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Spinal Cord Disorders Message Board


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A lot of the fatigue is from the anesthesia they use for spine surgery. It is extremely deep(don't want to to move even a millimeter) and as a result, it leaves you with a lot of fatigue. I thought at first it must be blood loss or something of that kind but everyone has the same problem and the only thing we have in common is the very deep anesthesia so that must be it. ACDF's have very little blood loss and my first surgery didn't either but my second did but that still can't be it. But anesthesia for spines is like no other I've ever had and I've had over 30 surgeries. I wasn't as fatigued with double knee replacements as I was after the spine.

I've read that it can take your liver a full year to recover after anesthesia and I bet it's even longer after spine surgery. Just tell your boss that it will take time for all the anesthesia to get out of your system.

I don't even remember waking up after either spine surgeries and yet I do remember quite clearly all of my others. That is deep!

Blame it on the anesthesia!

hugs.........Jenny
You know, I remember being told as I was going in for my ACDF that they would deliberately keep the anesthesia light as they needed me to respond to commands during the procedure. In fact, I remember being introduced to a doctor in the pre-induction room who told me his entire job was to monitor the health of my spinal cord during the surgery. He told me he would continually be watching my reflexes and would be asking me to wiggle my toes and fingers during the operation to ensure no damage was being done to the spinal cord.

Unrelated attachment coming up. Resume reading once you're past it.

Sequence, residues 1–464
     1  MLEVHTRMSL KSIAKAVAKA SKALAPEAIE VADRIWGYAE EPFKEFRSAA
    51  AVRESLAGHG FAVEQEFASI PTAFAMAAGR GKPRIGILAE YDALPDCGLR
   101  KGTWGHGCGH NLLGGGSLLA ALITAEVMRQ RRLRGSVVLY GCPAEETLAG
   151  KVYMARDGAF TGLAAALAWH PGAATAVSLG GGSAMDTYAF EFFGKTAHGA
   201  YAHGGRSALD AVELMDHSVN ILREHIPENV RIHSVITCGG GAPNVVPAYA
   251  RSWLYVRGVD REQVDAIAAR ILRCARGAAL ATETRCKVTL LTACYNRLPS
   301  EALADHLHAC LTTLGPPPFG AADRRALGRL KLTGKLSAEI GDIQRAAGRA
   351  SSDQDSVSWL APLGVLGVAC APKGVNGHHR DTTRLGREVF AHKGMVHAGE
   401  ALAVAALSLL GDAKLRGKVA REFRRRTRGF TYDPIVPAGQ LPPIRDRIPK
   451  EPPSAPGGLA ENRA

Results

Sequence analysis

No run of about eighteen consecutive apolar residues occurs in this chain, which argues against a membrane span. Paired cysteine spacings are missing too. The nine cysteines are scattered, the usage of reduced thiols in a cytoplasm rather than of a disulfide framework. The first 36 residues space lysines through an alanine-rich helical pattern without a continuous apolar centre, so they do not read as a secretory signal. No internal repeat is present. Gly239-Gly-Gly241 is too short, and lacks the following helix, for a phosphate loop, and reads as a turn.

Anesthesia is actually comprised of the careful dosing of several drugs at once. One of the drugs in the mix is a drug that makes the patient forget anything that happened during the surgery. If they keep the anesthesia light to allow the patient to respond to commands during the procedure, it would not surprise me at all to hear that after the procedure was finished they might give a larger than typical dose of the memory impairing drug. No one wants memories of events in the OR when they are the patient themselves! :(

People can be tired out after surgery for a prolonged period of time due to several reasons. Even just a few days of bed rest can cause significant deconditioning. Deconditioned muscles are more readily fatigued and take longer to recover once the patient is up and about again. Use of painkillers after the surgery can also contribute to fatigue. Finally, your body has just been through a traumatic event. Its own release of stress hormones and natural pain relievers can contribute to ongoing feelings of tiredness as your body continues to heal.

It does take time to really feel back to normal. Just do your best and take things a day at a time.





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